(pic and twitter screen grab courtesy The 700 Level)
Sincere congrats to Nebraskan mom Molly Schuyler, whose consumption of 337 chicken wings earlier today at Philadelphia’s Wells Fargo Center set a Wing Bowl record. Though Ms. Schuyler still stands a small chance of being overshadowed in the sporting pantheon this weekend by such minor figures as Peyton Manning and Russell Wilson, she deserves massive credit for not only capturing the 22nd Wing Bowl title, but also for generating more internet traffic than Matt Stairs, shown above engaging in public conduct unbecoming a member of the Canadian Baseball Hall Of Fame.
(YouTube link courtesy Joe Gross).
The Dissolve’s Noel Murray considers the ficticious Ramjack Toy Co. a neat bit of film criticism, albeit decades late, accusing “Cruising” director William Friedkin of “trivializing a gay subculture,” and “(making) gayness itself into a cartoonish villain.”
He’s not entirely out to lunch, but you might also say that any film featuring a roomful of people (of any gender) dancing wildly to Willy DeVille has no claims to believability.
(not actually Luke Babbitt)
The services of former Blazer F Luke Babbit are coveted by the New Orleans Pelicans. Trouble is, he signed in the offseason with Russian club Nizhny Novgorod, and they’re not impressed with attempts thus far to buy Babbitt out of the deal. From Eurohoops’Lefteris Moutis :
In a brief interview of Sergei Panov, former Russian national team player and general manager of Nizhny, which was reproduced in the official site of the team, it’s clear that Nizhny at this point will not let Babbitt return to the NBA. As Panov said: “They made us an offer, which didn’t satisfied us. Now we will negotiate through agents, attorneys and lawyers. I learned some new English words after this incident like ‘spit in the face’ and ‘shit on your soul’”.
At this point, if Nizhny and the Russian basketball federation refuse to send the letter of clearance of Babbitt to the States, he will not be able to sign anywhere else until the end of the season according to the FIBA-NBA agreement.
Houston Rockets general manager Darryl Morey submitted to a question and answer session with season ticket holders last Friday, and touched on a number of subjects including but not limited to the fate of C Omar Asik, the Rockets’ playoff chances and his decision to select F Royce White (above) with the 16th overall pick in the 2012 draft. On the matter of White, Clutch Fans.net provides this excerpt from Morey’s comments :
“I take some sort of pride that you could argue that Royce White is the worst first-round pick ever. He’s the only one that never played a minute in the NBA that wasn’t just a foreign guy staying in Europe. It just shows we swing for the fence.”
Though it’s hard to argue that Morey shouldn’t have opted for White, this might be ultimate diss to Kwame Brown (if not LaRue Martin).
I realize that Richard’s a big Springsteen fan, but there’s a time and place for emulating the Boss’ never-ending memory-lane-banter. The occasion of Steve Somers being trapped in an elevator is NOT IT.
Bad news for anyone hoping Seahawks CB Richard Sherman would provide any Super Bowl Media Day fireworks ; instead, it was a retired defensive back, the NFL Network’s Deion Sanders, who provided the day’s sole memorable moment after going toe to toe with….a Meadowlands publicist?
The New York Daily News’ Bob Raissman reports that Giants PR rep Pat Hanlon (above) ran afoul of Sanders after the former’s sneering response to Rich Eisen congratulating the latter on landing an interview with the reclusive Marshawn Lynch :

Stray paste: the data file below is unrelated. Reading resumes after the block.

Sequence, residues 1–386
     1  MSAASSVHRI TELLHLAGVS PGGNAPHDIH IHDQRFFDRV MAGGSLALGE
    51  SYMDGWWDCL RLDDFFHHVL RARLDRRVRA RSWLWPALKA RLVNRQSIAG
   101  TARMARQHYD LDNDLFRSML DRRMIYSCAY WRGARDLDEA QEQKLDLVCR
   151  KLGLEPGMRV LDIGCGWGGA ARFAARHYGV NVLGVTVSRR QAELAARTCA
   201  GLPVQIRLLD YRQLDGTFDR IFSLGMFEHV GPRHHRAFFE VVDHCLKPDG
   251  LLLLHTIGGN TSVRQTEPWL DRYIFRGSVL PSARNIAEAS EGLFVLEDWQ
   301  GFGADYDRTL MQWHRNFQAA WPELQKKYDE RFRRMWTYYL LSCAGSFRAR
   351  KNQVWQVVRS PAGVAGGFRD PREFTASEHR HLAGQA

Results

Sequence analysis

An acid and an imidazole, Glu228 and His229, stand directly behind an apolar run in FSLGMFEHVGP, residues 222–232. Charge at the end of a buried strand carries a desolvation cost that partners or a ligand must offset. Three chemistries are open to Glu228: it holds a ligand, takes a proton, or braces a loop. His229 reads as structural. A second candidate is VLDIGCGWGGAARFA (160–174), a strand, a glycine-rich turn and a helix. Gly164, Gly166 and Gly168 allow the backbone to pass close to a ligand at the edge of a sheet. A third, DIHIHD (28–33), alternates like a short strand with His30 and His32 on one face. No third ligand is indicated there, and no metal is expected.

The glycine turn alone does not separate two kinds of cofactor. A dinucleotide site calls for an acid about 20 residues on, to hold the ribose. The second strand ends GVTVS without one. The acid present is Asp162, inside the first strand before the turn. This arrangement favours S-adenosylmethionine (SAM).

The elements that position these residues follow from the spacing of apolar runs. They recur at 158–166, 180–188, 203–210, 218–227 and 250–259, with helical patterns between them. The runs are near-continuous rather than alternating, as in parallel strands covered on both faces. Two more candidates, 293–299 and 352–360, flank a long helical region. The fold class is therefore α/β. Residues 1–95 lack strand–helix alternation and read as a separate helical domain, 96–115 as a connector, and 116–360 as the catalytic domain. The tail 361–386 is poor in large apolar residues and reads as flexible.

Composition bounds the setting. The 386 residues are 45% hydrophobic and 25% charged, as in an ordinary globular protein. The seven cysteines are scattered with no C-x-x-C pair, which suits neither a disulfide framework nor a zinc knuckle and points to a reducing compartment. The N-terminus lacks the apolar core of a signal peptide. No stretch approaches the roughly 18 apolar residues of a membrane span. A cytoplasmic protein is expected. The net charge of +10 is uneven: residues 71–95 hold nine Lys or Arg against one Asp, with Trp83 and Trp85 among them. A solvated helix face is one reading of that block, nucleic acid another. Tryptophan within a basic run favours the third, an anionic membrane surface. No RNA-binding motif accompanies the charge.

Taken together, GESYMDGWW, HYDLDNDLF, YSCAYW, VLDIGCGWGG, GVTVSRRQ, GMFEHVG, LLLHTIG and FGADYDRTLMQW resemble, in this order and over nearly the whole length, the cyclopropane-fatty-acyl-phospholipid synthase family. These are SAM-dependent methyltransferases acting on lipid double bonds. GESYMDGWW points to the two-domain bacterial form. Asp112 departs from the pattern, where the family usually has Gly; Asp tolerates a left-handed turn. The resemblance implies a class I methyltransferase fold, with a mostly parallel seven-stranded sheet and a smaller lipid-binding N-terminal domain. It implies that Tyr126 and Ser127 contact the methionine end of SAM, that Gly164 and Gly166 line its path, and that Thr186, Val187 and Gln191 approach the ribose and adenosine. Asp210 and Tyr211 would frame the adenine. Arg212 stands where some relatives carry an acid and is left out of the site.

“Prime got him,” Hanlon said smiling. “Hey, they said Prime didn’t tackle anybody (when he played). Well, he just ‘tackled’ Marshawn Lynch… Sorry to bring that up. I’m a Giant.” While Hanlon was delivering the word, Faulk — who was taking this whole Lynch thing way too seriously — glared at the PR man.
“I’m about to go into Beast Mode (on Hanlon). Name one game when you didn’t see me (make tackles) — especially against the Giants. Show me the tape,” Sanders seethed. “See, I get offended when people say that.”
“When I think about you, I think about you breaking (kicker) Brad Daluiso’s leg (in 1999) returning a kickoff,” Hanlon said.
“Let’s not get off the subject,” Sanders shot back. “Name me one game… One game when you ever saw me cost my team anything? That (Deion Sanders) hit reel is 59 minutes long. If you want to be the last minute on that hit reel, you can.”
“We can replay the tape,” Hanlon said. “I didn’t say you didn’t tackle. I said THEY said you didn’t tackle.”
“Good, that’s a good way to get out of it,” Sanders said sarcastically. “Well done. That’s a good answer.”
Last June, The Allentown Morning-Call successfully revived the cold case of the death Jimmy “Superfly” Snuka’s paramour, Nancy Argentino, who perished in 1983 under what could diplomatically be called suspicious circumstances. On Tuesday, the paper’s Adam Clark and Kevin Amerman reported a grand jury would investigate Argentino’s demise, with Lehigh County District Attorty Jim Martin, “reaching further into the past for an indictment than he ever has before.”
Martin’s announcement comes seven months after he assigned a chief deputy to take a “fresh look” at the cold case. That decision to re-examine the case came less than three weeks after The Morning Call published an investigation raising questions about Argentino’s death and revealing a never-before-seen autopsy report that labeled the case a homicide.
Snuka, now 70 and living in Waterford Township, N.J., originally told at least five people, including the responding police officer, he shoved Argentino earlier that day, causing her to fall and hit her head, according to police interviews obtained by The Morning Call. He later told police those five people misunderstood him, and said Argentino slipped and hit her head when they stopped along the highway to urinate.
Argentino, of Brooklyn, N.Y., died May 11, 1983, at Lehigh Valley Hospital of traumatic brain injuries consistent with a moving head hitting a stationary object, according to the autopsy.
Autopsy findings show Argentino suffered more than two dozen cuts and bruises — a possible sign of “mate abuse” — on her head, ear, chin, arms, hands, back, buttocks, legs and feet.